From: "Theodore Y. Ts'o"
To: Tony Nugent
Cc: email@example.com, firstname.lastname@example.org
Subject: Re: /dev/cua? Vs /dev/ttyS? (was: Re: co-existance of pppd and mgetty ?)
Date: Mon, 13 May 1996 19:51:04 +0200
Date: Mon, 13 May 1996 07:57:09 +1000
From: Tony Nugent
Can someone kindly explain the difference between the /dev/cua? and
/dev/ttySxx devices are fully POSIX-compliant TTY devices. If you are
only going to be using one set of tty devices, you should be using
/dev/cuaXX devices are different from /dev/ttySXX in two ways --- first
of all, they will allow you to open the device even if CLOCAL is not set
and the O_NONBLOCK flag was not given to the open device. This allows
programs that don't use the POSIX-mondated interface for opening
/dev/ttySxx devices to be able to use /dev/cuaXX to make outgoing phone
calls on their modem (cu stands for "callout", and is taken from SunOS).
The second way in which /dev/cuaXX differs from /dev/ttySXX is that if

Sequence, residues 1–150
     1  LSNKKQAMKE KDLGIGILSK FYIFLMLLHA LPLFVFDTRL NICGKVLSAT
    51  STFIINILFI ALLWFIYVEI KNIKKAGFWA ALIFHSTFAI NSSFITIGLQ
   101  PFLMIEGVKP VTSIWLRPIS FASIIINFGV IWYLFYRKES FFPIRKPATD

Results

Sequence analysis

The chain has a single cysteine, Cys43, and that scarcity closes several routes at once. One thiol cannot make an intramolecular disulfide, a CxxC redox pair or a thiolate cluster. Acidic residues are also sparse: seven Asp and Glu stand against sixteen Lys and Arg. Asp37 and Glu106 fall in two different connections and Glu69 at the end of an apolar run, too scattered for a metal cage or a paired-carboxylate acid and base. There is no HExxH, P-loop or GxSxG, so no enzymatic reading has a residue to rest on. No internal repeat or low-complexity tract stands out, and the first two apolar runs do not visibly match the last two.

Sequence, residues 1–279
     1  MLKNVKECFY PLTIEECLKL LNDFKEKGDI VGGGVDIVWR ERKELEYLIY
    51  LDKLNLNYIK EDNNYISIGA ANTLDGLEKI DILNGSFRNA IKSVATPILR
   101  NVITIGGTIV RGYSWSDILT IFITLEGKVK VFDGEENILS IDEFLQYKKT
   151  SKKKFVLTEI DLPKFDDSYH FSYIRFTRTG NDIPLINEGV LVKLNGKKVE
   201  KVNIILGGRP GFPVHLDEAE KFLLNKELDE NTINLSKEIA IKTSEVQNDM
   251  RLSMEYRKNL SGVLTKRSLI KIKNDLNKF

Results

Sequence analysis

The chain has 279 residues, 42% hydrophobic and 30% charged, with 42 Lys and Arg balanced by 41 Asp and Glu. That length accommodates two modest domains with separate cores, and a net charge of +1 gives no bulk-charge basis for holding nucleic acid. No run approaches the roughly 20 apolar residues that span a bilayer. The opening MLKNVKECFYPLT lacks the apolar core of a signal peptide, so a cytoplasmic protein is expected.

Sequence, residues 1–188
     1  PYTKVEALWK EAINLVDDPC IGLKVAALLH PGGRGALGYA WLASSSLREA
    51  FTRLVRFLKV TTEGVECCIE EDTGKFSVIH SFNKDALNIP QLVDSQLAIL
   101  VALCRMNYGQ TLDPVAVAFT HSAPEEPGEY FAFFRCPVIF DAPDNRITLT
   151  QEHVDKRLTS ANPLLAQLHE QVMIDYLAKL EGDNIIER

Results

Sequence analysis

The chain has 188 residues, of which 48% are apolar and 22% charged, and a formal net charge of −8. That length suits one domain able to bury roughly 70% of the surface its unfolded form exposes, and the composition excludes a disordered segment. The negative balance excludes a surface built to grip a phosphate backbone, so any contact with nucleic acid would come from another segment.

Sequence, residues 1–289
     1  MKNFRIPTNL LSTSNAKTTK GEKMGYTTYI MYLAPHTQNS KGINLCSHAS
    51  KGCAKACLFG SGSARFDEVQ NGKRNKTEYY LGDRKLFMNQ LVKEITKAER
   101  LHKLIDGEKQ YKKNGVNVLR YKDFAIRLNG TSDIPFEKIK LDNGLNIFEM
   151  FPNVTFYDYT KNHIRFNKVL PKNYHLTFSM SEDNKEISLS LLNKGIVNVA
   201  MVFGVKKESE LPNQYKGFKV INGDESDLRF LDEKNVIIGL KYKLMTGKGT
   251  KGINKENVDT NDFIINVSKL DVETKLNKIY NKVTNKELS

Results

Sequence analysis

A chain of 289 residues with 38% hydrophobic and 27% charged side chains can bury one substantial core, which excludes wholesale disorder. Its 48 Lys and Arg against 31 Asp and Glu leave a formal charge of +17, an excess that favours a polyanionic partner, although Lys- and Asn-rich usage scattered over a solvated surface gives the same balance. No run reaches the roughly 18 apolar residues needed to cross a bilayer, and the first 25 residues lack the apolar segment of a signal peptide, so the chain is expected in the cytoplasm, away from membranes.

they are used, they will trigger a simplistic kernel-based locking
scheme: If /dev/ttySXX is opened by one or more processes, then an
attempt to open /dev/cuaXX will return EAGAIN. If /dev/cuaXX is opened
by one or more processes, then an attempt to open /dev/ttySXX will
result the open blocking until /dev/cuaXX is closed, and the carrier
detect line goes high.
While this will allow for simple lockouts between a user using a modem
for callout and a getty listening on the line for logins, it doesn't
work if you need to arbitrate between multiple programs wanting to do
dialout --- for example, users wanting to do dialout and UUCP.
I originally implemented the cuaXX/ttySXX lockout mechanism back before
FSSTND established a standard convention for the use of tty lock files.
Now that it's there, people should use the tty lock files and not try
using /dev/cuaXX. The only reason why /dev/cuaXX hasn't disappeared yet
is for backwards compatibility reasons.
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